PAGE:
After a decade in the business of music, Elizabeth Bowman is settled in

Elizabeth Bowman.

As a girl, Elizabeth Bowman dreamed of being a singer, performing recitals and finding roles in operas.

“As a young person you think that would be the life … you would just spend your life singing and you don’t necessarily look beyond that.”

It’s a very insular world, being a professional singer. “It’s all encompassing.”

But life would eventually take a different direction for her and today she runs Bowman Media and serves her clients, including Ottawa natives and friends Wallis Giunta and Joyce El-Khoury and the American conductor James Gaffigan, from her home in Glen Ridge, New Jersey, just across the Hudson River from New York City where her husband Ben is concertmaster of the Metropolitan Opera orchestra. The business is a decade old this year, but its success is also a story about the paths that are possible for people for whom music is a dream career. Sometimes when one door closes, another opens.

Bowman is a soprano. more precisely, she says “I would say I am a lyric soubrette.” It is the sort of voice found in Mozart operas and in Baroque concerts.

In her youth, Bowman was head chorister in Ottawa’s St. Matthew’s women and girls choir. Her brother was the head chorister in the boy’s choir.

When Matthew Larkin came along to head up the choir, she was about 12. That’s when she got more serious about music. Bowman credits Larkin as her most important musical mentor.

She went to Lisgar High School and then off to McMaster University in Hamilton where she chose a more practical path and enrolled in a business program.

“But I really missed singing and so I found a teacher in Hamilton to study with and after a year I decided I wanted to come home to Ottawa. I had a rich musical circle there and I wanted to be surrounded by that type of support.

The University of Ottawa was a good place for her to be. At the same time she was in the Opera Lyra apprenticeship program. But it wasn’t easy at all.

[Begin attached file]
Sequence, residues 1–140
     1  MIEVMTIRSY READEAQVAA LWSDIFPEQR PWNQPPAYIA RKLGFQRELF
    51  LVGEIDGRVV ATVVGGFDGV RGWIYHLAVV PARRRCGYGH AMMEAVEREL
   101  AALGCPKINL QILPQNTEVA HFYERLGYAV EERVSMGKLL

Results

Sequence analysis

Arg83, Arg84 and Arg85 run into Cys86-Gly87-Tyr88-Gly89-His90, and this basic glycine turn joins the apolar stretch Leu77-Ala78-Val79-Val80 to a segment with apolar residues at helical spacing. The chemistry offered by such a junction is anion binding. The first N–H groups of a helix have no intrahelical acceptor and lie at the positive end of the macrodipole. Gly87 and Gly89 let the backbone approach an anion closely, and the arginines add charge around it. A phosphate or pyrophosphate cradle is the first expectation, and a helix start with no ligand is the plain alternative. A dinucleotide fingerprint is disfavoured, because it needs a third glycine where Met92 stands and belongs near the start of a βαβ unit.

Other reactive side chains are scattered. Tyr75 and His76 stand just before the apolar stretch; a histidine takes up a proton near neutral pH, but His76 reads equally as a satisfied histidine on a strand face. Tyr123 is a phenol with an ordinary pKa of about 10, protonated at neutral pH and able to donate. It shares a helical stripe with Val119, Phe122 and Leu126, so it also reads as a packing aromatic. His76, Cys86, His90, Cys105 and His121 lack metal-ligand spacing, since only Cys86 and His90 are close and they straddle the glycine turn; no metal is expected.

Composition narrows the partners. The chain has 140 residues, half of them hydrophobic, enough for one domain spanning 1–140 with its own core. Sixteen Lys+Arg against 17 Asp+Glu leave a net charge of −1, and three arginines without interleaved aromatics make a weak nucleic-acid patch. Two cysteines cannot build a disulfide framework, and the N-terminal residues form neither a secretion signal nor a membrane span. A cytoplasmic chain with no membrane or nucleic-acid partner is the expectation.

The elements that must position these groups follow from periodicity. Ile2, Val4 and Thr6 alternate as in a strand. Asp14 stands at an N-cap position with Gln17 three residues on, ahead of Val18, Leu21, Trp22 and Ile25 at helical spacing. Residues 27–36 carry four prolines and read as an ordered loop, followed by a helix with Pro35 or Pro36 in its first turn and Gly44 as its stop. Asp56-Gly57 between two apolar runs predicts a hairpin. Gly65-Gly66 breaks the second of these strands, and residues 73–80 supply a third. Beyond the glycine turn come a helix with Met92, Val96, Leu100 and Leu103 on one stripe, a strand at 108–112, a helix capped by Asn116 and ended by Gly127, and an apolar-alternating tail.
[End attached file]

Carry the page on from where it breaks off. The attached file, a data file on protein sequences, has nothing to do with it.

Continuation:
“I suffered from some pretty crippling stage anxiety. I was performing and doing well but it was mentally challenging to get on stage before an audience. It’s a very difficult thing to get over and I wasn’t really getting over it.”

She was also wrestling with another passion, one that she had tried at McMaster.

“I took a class at uOttawa with Robert Cram called the Business of Music and when I took it, it opened my eyes.”

While she pursued singing, she was also asking about ticket sales and how to fill a hall for a concert.

Graduation from university often presents a fork in the road. For Bowman, the choice was singing or pursuing another option.

“I decided to do a post graduate diploma in arts administration and cultural management at Humber College. At that point the business side of the music business was really interesting to me. I thought that maybe I should see what it is that is pulling me in this direction.

“I did very well in that program.”

But the other itch was still there. The day after graduation from Humber, Bowman was on a plane to Berlin, Germany.

“I thought that living in Germany studying singing would be a good thing. I went there to give it my all. That’s what they say in the opera business: the best place to do it is to go do it.